Mention LA and chances are you'll inflame a number of haters. When I announced my upcoming trip to a group of friends, I was met with an unanimous and scornful - WHY?!! In their imagination LA had become a metropolis ruled by petroleum guzzling ponies, gridlocked traffic, urban sprawl, and the tawdriness of Hollywood and the rich & plastic. Their belief in LA's ignominy, both culturally and environmentally, was so great that many of them had not even dared to venture into the city. The stigma had done its work.
Undeniably LA's entertainment industry is largely to blame for the unfavourable reputation. Long gone are the days of rose-tinted idolizing of Hollywood culture; instead a smoldering resentment (stoked by tabloid culture) has eclipsed the city, obscuring the beauty found in its less famous neighbourhoods and communities.
I won't lie: the force of public opinion had me considering a change of plans for a more crowd-pleasing destination like Portland (now find me one person who hates Portland, i dare you) but fortunately I didn’t buckle. And lo and behold, the LA I discovered was dynamic, inspiring, and culturally rich.
Here are some highlights:
WELCOME TO MURAL CITY
In many ways, LA is one large urban canvas with an incredibly strong mural tradition dating back to the 1930s. Venice - a street art mecca - boasts walls adorned by the work of famous muralists Rip Cronk, Emily Winters, and the Los Angeles Fine Arts Squad. Another hotspot, The Mural Mile, is an incredible 4 mile stretch along Van Nuys Boulevard showcasing over 40 vibrant artworks (and counting...).
The mural as a form of cultural expression is an important one. Along with beautifying neighbourhoods, murals communicate the social dimensions of a community and offer a platform for large-scale storytelling. Murals literally bring a city to life through colour, form, and the unifying power of their ideas.
There are literally thousands of murals to see in LA. Learn about 10 iconic pieces HERE
LA County Museum of Art, The Broad, MOCA, and hilltop masterpiece, the Getty Centre, are a few of the impressive art and culture centres in LA. Many of the museums are free to the public (or free on select days) and collectively offer an encyclopedic survey of art through the ages. As modern man’s treasure caves, the value of these collections is worth a king's ransom. They offer the opportunity to reflect on our society through time, and illuminate and enrich our emotional lives.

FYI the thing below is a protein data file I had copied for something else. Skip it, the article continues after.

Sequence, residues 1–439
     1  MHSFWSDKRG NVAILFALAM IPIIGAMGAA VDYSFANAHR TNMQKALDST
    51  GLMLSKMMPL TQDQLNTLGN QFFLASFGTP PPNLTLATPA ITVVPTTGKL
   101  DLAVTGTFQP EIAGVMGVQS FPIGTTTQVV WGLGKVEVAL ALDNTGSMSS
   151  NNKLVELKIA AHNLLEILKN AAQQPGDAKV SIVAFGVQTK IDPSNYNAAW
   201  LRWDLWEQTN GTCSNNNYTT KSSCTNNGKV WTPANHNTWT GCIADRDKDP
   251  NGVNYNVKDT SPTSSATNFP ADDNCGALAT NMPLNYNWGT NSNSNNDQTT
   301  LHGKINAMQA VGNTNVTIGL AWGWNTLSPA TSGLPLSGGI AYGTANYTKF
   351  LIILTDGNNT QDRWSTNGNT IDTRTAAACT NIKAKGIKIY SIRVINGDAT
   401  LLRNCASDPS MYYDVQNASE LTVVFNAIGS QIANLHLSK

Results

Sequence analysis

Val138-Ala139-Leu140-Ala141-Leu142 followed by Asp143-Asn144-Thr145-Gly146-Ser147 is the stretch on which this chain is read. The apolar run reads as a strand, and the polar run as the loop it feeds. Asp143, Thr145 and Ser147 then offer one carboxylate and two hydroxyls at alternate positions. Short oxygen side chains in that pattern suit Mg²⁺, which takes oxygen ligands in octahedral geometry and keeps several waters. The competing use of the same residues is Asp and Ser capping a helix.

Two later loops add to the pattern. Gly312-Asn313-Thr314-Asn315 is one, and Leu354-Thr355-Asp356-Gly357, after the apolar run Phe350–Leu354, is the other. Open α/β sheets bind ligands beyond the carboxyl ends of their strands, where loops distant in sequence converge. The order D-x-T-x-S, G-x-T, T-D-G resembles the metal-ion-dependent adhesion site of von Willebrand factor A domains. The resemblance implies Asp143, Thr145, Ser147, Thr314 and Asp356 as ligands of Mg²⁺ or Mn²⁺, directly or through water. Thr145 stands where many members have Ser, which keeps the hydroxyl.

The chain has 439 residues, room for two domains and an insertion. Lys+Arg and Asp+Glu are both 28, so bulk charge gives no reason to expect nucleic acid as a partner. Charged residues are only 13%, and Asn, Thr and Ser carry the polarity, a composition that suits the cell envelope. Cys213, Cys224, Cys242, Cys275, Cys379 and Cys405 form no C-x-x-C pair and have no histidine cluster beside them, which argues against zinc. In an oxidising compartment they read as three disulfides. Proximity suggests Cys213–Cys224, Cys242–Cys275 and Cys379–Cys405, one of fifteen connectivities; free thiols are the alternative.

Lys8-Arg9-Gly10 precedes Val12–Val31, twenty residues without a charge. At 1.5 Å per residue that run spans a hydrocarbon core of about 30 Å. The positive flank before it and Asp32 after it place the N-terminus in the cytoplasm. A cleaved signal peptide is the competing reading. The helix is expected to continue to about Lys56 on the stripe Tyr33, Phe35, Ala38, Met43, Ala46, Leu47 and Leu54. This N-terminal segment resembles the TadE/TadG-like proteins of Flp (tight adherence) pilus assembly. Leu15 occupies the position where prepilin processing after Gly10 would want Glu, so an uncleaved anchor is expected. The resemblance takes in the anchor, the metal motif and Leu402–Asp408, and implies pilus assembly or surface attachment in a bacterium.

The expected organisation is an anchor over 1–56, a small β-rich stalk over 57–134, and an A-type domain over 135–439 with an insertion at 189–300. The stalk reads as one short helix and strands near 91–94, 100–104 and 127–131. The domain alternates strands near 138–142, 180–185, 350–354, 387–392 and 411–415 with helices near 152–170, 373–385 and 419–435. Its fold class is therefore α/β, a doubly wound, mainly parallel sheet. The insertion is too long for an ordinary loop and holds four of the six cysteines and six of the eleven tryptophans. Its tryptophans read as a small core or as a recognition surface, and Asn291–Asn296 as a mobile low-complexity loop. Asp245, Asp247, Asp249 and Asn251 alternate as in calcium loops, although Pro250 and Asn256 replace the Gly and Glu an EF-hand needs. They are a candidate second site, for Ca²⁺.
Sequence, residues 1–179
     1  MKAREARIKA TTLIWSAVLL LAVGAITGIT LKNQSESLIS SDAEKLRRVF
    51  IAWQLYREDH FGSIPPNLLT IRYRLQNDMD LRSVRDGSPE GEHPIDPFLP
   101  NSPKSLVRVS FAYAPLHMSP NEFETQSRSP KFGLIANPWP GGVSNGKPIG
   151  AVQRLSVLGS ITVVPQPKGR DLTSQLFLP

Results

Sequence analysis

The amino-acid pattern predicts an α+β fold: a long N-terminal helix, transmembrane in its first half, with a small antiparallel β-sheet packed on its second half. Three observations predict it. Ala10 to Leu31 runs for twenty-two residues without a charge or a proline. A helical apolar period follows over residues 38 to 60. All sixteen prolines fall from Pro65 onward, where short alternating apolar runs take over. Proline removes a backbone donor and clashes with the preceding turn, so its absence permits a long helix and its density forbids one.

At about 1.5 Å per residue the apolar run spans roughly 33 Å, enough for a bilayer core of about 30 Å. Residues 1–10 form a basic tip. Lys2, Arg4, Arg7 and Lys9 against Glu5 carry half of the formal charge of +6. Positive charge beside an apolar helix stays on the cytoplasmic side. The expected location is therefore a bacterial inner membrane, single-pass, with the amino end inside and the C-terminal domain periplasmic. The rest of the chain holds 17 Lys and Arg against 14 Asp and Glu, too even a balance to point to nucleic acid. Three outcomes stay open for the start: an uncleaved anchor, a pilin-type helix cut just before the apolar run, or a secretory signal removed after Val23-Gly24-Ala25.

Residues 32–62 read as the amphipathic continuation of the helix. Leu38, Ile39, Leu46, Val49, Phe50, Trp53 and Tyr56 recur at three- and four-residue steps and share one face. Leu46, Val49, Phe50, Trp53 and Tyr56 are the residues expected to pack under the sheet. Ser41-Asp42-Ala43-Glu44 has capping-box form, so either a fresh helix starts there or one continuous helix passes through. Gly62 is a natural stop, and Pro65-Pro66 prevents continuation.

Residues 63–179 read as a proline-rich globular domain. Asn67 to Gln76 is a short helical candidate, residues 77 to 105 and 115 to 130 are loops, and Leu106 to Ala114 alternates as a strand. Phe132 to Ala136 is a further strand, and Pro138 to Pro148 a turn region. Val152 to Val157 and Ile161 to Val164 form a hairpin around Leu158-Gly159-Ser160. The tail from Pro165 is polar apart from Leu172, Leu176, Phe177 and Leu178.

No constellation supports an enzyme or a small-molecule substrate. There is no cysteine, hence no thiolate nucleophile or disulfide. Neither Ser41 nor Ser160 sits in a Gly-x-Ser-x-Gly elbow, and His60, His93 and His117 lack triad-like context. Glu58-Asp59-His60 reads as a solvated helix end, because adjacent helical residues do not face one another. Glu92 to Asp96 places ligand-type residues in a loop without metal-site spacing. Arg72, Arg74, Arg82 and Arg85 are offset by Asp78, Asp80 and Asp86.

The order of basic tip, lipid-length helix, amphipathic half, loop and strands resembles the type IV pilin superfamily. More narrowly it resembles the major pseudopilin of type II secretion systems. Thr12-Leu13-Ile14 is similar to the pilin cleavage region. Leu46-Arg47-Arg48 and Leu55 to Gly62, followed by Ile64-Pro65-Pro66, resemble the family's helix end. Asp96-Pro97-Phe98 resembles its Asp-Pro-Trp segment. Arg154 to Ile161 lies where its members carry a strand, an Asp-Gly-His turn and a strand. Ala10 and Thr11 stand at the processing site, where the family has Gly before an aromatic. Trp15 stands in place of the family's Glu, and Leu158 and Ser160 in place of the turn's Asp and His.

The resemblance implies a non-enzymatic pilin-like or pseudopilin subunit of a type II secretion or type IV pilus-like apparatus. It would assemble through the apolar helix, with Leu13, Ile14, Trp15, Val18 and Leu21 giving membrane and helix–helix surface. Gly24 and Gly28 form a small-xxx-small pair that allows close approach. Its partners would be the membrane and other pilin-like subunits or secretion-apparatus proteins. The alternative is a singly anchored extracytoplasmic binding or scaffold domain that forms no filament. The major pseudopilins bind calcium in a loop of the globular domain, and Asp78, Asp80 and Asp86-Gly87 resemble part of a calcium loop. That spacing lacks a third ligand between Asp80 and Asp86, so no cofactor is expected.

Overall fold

If modern or contemporary art inspires you, you have over 400 galleries to explore...
LA would be nothing without the inspiring natural beauty that sustains it. Topanga Canyon is a wild oasis west of LA in the Santa Monica Mountains where chaparral covered rocks, sage scrub, and coastal live oak grow abundantly. Vast and solitary, Topanga has provided many Angelenos escape from the bustling city life and inspiration for artists captivated by its raw beauty. In the 1970s, Neil Young created "After the Gold Rush" in Topanga, an album imbued by the vibe of the Canyon and the rich bohemian community that had gathered there to live and create.
BOWIE TRIBUTE AT THE ACE
Not exclusive to LA, but a pinnacle experience nonetheless, was The Life Aquatic concert held at the Ace. Inspired by the late Bowie and Wes Anderson's classic film, the show was presented to a sold out audience in the Spanish Gothic-style theatre in Downtown LA.
Seu Jorge, the Brazilian performer who played Pele do Santos in Life Aquatic, covered Bowie classics in an acoustic performance filled with beauty and pathos. Audience emotions were palpable that night and it was a unique experience to connect with Angelenos in the intimate venue, cheering and sighing, united by the bond of Bowie. Just before playing a heart-wrenching rendition of Man on Mars, Jorge revealed that his father had died 3 days after Bowie at the age of 82. The tour was a tribute to them both.
For more on LA visit, check out these links: